What is the Definition of a Computer Virus


Computer Virus Definition

In everyday conversation, the term “computer virus” is often used as a general “catch-all” for all computer nasties. Technically, however, the general term of malicious software is “malware” and viruses are just one specific form of malware.

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Viruses spread

The reason why this type of malicious software is called a virus is that it behaves in essentially the same way as a human virus. The aim of a virus is to replicate itself and spread from host to host, causing problems everywhere it goes.

Just as regular viruses work by attaching themselves to legitimate cells, so computer viruses work by attaching themselves to legitimate code, meaning either programs or documents which contain macros. Also like regular viruses, computer viruses can lie dormant (and hence potentially undetected) until the right circumstances arise and the malicious code is triggered.

The only common feature of computer viruses is that once they are triggered, they can spread very quickly from computer to computer. Otherwise, there is a wide range of issues they can cause.

The earliest computer virus was actually developed to be a fun way to illustrate the concept of mobile applications. It became known the Creeper virus because it just displayed a message saying “I’m the creeper, catch me if you can!”.

At the other end of the scale, there is the WannaCry virus, which made a lot of people want to cry after it rampaged across the world in 2017. There are a range of estimates about its economic impact but the lower-end estimates run into the hundreds of millions of US dollars and the upper-end estimates run into billions of US dollars.

Viruses can be subdivided into certain common types

Worms can self-trigger the replication process (rather than needing the user to take action. Possibly the most notorious worm in IT history (so far) is the iloveyou worm, which was the email plague of the year 2000.

Trojans trick the user into taking the action needed to allow them to begin their replication process. Trojans are often disguised as antivirus programs, which is why it’s really important to buy your antivirus from a reputable vendor such as Comodo.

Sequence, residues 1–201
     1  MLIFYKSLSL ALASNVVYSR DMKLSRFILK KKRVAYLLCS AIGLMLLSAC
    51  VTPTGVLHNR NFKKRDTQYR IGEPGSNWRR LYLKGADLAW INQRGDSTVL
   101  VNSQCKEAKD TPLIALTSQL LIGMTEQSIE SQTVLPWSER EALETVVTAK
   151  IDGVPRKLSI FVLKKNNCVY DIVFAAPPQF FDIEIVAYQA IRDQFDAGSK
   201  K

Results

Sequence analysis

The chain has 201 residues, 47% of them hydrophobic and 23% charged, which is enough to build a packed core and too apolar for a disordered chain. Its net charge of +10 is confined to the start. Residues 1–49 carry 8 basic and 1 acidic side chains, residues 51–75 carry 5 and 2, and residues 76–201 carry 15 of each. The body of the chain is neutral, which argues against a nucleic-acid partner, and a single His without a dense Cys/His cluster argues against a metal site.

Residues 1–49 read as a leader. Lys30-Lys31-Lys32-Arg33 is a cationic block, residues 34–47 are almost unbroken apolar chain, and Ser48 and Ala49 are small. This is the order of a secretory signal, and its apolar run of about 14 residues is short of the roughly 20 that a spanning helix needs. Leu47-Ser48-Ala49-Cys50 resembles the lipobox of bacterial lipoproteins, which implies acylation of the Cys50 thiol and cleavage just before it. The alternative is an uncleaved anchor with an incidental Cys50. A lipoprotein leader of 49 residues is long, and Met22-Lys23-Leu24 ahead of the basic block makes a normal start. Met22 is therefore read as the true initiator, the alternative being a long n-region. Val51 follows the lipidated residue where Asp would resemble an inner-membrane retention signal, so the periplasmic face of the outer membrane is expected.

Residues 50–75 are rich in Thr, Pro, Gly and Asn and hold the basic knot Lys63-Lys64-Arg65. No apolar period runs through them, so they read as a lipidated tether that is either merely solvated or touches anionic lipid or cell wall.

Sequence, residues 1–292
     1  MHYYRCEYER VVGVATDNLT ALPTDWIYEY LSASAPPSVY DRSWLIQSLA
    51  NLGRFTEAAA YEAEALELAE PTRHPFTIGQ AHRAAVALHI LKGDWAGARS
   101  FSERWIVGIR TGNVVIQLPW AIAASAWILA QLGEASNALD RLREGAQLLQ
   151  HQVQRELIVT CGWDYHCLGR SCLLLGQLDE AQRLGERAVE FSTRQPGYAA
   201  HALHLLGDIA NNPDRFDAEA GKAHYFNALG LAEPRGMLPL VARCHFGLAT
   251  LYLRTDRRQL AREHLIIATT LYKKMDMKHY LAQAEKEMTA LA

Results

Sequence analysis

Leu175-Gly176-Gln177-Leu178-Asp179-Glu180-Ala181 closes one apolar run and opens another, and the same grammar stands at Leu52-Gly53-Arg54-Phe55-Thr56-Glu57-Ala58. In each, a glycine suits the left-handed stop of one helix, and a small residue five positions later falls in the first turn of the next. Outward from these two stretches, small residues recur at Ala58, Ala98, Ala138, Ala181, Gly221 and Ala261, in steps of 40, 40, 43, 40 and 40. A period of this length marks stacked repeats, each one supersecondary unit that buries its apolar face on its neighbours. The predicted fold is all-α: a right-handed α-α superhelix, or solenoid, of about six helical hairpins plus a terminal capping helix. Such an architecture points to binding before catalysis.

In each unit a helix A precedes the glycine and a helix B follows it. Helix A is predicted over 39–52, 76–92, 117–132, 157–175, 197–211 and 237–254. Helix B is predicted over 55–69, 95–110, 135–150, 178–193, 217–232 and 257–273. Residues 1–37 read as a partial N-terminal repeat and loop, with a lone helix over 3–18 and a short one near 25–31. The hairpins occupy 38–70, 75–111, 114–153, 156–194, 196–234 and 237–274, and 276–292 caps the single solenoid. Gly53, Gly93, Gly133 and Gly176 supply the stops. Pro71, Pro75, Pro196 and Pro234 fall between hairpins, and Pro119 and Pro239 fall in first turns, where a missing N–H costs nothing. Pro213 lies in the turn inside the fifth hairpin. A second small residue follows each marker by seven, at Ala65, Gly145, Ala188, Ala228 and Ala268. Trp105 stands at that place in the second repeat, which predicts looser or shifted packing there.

Ransomware is a specific form of Trojan virus which encrypts files so that the user has to pay a ransom to get access to them again. It may also encrypt or delete backups, if they are on a device attached to the computer, such as a portable hard drive.

There are many other forms of malware, which aren’t actually viruses

Adware is now somewhat notorious. It bombards the victim with unwanted and possibly dangerous adverts.

Malvertising is the use of legitimate adverts as a way to deliver malware. A standard approach is to instruct the user to click on a link in the advert and this either installs the malware or directs them to a malicious website.

Spyware is pretty much what it says. It became notorious as a way for people to check on personal connections but is now often used in targeted attacks by cybercriminals.

There is also a growing trend of using a “mix-and-match” approach to creating malware, taking elements of different types of threats and putting them together. Added to this, there is no a high (and growing) percentage of what is called “fileless malware”. This isn’t a specific type of malware, it’s just a reference to the fact that it does not spread through the file system as traditional malware does, instead it may spread through memory or by using parts of the operating system such as registry keys, APIs and scheduled tasks.

Modern viruses and malware target data not devices

Viruses and malware are feared because of the damage they can do to data. Losing access to work such as student papers or business projects is only the tip of the iceberg in terms of the havoc they can cause. A virus can literally compromise your whole identity and leave you scrambling to replace everything from your bank card to your driver’s license. Then there’s the possibility of you passing them on to someone else. Even if there are no legal repercussions to this, you still have to live with the knowledge that you open up someone else to compromise.

Prevention is massively better than cure

If you are currently relying on inbuilt security programs such as Windows Defender, XProtect and/or Play Protect, then you really need to up your game. As a minimum you need to download a reputable free antivirus program, but really, given the level of risk and the possible consequences, it’s very much recommended to invest in a paid-for antivirus product which will give you the protection you need and, fortunately, Comodo has a great antivirus product at a very budget-friendly price. Head over to the Comodo website to get it now and be sure that you are safe online.

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